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“How can we become innovative, like MIT, and the startup companies of Route 128 and Silicon Valley?” That’s the most frequently asked question I’ve heard in the last 25 years, as individuals and organizations in Europe and Asia, but also in the United States, strive to get on the bandwagon of high-tech innovation. Thousands of books and magazine articles purport to answer this question. Yet the ones I’ve seen don’t quite match the ingredients I have found to be important among the most successful of the MIT Lab for Computer Science’s 60-some startups.

Two ingredients, risk-aware capital and a high-tech infrastructure, are obvious, but rarely in place. In Europe and Asia investors talk about risk, but their psyches propel them toward the comfort of guarantees. They are not prepared to lose 10 startups for a 100-fold appreciation in the one that makes it big. In the United States, where capital is usually risk-aware, it is often greedy and lacks staying power-two additional avenues to failure. And in many regions of the world, there is little infrastructure in the form of silicon foundries, design houses, and the human experts behind them to ensure that a fledgling high-tech company will have quick and easy access to such key resources.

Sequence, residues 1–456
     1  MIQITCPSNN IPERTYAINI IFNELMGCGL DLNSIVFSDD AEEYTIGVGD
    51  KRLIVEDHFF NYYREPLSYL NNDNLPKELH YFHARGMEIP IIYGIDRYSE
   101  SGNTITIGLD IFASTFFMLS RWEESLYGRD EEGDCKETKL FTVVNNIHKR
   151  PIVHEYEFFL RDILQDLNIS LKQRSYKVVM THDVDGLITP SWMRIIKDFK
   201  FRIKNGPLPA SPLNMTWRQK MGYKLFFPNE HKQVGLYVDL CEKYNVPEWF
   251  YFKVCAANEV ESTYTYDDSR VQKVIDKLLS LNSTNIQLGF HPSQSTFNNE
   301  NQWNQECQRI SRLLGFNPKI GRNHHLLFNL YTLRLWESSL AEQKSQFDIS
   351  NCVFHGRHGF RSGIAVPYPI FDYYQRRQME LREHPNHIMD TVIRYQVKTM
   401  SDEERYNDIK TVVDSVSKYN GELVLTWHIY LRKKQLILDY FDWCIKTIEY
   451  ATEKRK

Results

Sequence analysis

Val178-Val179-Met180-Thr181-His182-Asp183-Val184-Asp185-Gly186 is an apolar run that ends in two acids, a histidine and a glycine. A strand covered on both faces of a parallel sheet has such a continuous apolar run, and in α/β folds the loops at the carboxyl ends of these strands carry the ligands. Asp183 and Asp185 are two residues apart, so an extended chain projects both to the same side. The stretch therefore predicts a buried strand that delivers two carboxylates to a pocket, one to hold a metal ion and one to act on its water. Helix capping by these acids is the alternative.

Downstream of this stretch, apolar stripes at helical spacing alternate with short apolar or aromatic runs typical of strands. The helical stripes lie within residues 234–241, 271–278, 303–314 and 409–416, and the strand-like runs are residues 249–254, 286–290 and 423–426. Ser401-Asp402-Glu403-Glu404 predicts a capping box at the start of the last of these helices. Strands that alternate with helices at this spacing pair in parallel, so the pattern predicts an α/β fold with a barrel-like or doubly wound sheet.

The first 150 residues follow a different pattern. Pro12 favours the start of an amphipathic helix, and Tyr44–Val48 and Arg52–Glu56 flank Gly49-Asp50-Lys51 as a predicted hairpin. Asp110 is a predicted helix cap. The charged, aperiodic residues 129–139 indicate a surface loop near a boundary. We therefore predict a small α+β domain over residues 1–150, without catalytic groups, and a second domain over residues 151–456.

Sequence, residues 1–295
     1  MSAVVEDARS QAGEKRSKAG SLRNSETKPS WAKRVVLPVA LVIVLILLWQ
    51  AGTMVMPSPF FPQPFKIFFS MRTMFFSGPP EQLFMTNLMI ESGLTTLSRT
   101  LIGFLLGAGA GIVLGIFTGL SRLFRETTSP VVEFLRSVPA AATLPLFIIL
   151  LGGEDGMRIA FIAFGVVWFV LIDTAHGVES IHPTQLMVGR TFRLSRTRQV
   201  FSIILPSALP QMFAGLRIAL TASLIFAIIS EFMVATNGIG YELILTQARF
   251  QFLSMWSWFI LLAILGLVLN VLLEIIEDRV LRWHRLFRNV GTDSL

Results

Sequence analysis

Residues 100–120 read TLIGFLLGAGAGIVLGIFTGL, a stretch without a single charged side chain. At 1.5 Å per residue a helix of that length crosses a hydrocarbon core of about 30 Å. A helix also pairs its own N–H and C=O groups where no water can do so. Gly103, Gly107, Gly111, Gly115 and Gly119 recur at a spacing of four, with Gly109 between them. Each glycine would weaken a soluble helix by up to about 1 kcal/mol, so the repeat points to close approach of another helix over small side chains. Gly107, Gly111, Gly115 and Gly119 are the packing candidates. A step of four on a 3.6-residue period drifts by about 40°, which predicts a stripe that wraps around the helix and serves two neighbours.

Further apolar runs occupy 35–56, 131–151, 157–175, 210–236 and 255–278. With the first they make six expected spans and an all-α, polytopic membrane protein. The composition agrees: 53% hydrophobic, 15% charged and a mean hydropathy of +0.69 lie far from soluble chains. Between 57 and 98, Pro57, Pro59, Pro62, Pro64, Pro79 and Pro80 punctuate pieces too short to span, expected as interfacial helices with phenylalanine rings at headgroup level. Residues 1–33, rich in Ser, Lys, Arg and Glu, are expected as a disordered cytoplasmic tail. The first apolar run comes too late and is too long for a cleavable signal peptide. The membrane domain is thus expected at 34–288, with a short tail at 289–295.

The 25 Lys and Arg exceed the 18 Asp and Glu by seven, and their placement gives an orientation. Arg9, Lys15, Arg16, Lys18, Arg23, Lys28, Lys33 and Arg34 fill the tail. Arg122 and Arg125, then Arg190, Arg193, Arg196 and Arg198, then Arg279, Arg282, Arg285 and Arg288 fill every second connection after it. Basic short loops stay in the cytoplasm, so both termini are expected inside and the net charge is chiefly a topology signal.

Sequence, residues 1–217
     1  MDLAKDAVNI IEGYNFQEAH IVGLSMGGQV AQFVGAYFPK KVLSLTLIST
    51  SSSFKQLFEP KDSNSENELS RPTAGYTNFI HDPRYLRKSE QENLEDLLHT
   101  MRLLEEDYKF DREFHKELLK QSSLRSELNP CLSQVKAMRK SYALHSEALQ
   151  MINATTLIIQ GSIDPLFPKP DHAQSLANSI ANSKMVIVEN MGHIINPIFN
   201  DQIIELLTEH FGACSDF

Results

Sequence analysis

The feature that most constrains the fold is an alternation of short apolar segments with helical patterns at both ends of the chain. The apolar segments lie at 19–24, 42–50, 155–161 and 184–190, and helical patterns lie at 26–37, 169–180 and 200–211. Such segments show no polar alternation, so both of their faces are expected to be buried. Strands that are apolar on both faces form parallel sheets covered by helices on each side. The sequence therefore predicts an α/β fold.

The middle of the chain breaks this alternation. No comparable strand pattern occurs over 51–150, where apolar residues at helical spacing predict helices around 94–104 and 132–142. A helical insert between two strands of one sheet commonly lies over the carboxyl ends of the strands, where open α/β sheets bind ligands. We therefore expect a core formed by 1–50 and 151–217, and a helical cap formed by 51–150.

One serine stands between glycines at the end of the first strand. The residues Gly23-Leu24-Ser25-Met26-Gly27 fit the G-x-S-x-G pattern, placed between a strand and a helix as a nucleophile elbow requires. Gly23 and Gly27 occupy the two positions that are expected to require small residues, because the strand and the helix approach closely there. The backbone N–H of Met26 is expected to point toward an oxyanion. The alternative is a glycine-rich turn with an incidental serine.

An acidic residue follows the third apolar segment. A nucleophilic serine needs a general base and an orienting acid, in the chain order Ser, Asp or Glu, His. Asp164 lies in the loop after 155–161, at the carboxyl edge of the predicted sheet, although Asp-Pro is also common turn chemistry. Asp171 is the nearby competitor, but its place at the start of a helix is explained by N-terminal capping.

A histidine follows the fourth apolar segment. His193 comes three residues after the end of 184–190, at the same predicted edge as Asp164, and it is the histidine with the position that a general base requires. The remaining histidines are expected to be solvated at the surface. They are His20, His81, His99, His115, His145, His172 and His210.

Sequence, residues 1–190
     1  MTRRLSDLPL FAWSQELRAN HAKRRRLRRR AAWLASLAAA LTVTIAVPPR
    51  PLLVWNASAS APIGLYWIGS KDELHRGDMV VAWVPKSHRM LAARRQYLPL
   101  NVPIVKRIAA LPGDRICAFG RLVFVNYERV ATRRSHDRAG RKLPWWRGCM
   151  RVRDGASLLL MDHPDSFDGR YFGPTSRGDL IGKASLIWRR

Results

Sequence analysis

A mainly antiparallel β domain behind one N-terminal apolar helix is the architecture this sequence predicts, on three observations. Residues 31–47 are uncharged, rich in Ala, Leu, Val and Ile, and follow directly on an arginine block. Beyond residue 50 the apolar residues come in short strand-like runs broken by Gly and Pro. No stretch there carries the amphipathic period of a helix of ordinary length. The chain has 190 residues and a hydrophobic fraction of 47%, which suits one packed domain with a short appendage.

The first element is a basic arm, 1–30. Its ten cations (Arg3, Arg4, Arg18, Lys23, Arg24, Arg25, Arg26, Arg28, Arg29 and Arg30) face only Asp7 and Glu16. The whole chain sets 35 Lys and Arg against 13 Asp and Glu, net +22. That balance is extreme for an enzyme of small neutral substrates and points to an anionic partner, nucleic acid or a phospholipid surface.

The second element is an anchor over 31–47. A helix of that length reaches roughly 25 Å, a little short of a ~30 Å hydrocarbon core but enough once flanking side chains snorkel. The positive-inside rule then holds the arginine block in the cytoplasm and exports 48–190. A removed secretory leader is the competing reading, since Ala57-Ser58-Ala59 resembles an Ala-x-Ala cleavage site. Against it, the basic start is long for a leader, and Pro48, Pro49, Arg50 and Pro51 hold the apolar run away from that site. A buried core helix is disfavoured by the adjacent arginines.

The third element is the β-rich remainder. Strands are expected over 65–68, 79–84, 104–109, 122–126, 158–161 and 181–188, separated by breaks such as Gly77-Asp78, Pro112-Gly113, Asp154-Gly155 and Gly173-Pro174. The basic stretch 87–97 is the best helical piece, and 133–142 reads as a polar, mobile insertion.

Perhaps the most important ingredient of successful innovation is the creative technological idea that serves a pressing human need. This kind of creativity, in turn, requires a schizophrenic combination of rationality and insanity that’s outside our ordinary experience. Imagine that all current inventions in the world and all their possible logical extensions and uses are inside a huge balloon. People are pretty good at extending these ideas further, using logic and common sense. But their results, being logical extensions of what’s already there, stay within the balloon. To escape these old ideas and come up with something that is radically new, the balloon must be punctured with something that defies reason-a new idea that is akin to a form of insanity. Yet most insane ideas fail to be creative; they’re simply insane. That’s why successful innovators, after coming up with an idea that seems crazy, must be able to shift seamlessly to a rational dissection of the idea’s merits and pitfalls. When this interplay between insanity and rationality converges, look out! A creative idea has been born.

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